Tropical wetlands have been shown to exhibit high rates of net primary productivity and may therefore play an important role in global climate change mitigation through carbon assimilation and sequestration. Many permanently flooded areas of tropical East Africa are dominated by the highly productive C4 emergent macrophyte sedge, Cyperus papyrus L. (papyrus). However, increasing population densities around wetland margins in East Africa are reducing the extent of papyrus coverage due to the planting of subsistence crops such as Colocasia esculenta (cocoyam). In this paper, we assess the impact of this land use change on the carbon cycle and in particular the impacts of land conversion on net ecosystem carbon dioxide exchange. Eddy covariance techniques were used, on a campaign basis, to measure fluxes of carbon dioxide over both papyrus and cocoyam dominated wetlands located on the Ugandan shore of Lake Victoria. Peak rates of net photosynthetic CO2 assimilation, derived from monthly diurnal averages of net ecosystem exchange, of 28–35 μmol CO2 m−2 s−1 and 15–20 μmol CO2 m−2 s−1 were recorded in the papyrus and cocoyam wetlands, respectively, whereas night-time respiratory losses ranged between 10 and 15 μmol CO2 m−2 s−1 at the papyrus wetland and 5–10 μmol CO2 m−2 s−1 at the cocoyam site. The integration of the flux data suggests that papyrus wetlands have the potential to act as a sink for significant amounts of carbon, in the region of 10 t C ha−1 yr−1. The cocoyam vegetation assimilated ~7 t C ha−1 yr−1 but when carbon exports from crop biomass removal were accounted for these wetlands represent a significant net loss of carbon of similar magnitude. The development of sustainable wetland management strategies are therefore required to promote the dual wetland function of crop production and the mitigation of greenhouse gas emissions especially under future climate change scenarios.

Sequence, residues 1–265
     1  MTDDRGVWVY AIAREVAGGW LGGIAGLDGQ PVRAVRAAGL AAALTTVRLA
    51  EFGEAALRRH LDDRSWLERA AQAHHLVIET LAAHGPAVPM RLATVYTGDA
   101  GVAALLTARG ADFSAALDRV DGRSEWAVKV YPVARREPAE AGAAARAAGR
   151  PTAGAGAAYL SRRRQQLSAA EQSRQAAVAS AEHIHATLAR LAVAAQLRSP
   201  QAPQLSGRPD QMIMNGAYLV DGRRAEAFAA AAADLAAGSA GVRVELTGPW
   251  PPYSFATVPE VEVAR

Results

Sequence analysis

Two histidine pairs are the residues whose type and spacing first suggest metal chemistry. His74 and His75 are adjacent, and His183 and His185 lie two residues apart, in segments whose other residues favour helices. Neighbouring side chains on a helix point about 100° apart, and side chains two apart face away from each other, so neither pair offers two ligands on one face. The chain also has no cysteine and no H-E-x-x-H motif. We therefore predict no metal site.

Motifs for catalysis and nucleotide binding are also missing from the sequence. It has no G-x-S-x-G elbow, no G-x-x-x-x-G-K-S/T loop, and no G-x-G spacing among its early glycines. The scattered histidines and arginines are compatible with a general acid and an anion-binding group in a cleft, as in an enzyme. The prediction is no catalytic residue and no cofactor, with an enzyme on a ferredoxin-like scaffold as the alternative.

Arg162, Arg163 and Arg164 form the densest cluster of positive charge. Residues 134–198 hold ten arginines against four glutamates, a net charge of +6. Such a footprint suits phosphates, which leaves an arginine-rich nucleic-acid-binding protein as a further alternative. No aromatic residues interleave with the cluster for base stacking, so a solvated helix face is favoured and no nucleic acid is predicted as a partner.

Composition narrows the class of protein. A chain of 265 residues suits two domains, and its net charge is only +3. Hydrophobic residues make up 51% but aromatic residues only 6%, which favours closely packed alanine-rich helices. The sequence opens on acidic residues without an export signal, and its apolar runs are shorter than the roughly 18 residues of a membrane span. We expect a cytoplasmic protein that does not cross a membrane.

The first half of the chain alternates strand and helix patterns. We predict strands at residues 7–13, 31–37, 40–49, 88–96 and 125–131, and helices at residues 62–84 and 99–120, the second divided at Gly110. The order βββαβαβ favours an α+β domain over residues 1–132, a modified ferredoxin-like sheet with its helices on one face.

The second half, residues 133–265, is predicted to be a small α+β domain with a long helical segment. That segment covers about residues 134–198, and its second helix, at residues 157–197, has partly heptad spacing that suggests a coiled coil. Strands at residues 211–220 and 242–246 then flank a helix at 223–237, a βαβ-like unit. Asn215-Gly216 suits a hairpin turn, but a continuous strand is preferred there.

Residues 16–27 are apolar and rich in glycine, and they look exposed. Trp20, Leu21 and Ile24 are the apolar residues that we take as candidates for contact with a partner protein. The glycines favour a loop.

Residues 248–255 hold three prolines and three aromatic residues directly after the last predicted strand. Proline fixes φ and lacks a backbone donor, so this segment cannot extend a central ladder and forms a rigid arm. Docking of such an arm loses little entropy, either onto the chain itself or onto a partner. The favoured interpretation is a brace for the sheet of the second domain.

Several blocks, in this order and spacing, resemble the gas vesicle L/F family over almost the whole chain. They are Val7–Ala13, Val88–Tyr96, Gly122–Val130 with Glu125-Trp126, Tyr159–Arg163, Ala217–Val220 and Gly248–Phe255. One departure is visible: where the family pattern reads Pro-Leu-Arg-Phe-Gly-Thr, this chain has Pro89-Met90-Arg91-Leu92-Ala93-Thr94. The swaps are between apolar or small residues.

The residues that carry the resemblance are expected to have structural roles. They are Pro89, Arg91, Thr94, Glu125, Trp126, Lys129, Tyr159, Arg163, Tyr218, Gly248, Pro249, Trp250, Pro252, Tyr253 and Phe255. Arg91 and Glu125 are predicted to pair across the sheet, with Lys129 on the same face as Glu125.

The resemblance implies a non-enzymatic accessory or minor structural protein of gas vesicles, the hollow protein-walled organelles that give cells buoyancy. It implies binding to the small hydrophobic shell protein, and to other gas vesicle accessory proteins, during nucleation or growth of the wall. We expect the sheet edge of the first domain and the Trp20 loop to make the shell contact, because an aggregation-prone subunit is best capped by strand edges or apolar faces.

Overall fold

Saunders, M.J.; Kansiime, F.; Jones, M.B. Agricultural encroachment: implications for carbon sequestration in tropical African wetlands. Wiley-Blackwell, (2012) 1321 pp. [DOI: 10.1111/j.1365-2486.2011.02633.x]
Agricultural encroachment: implications for carbon sequestration in tropical African wetlands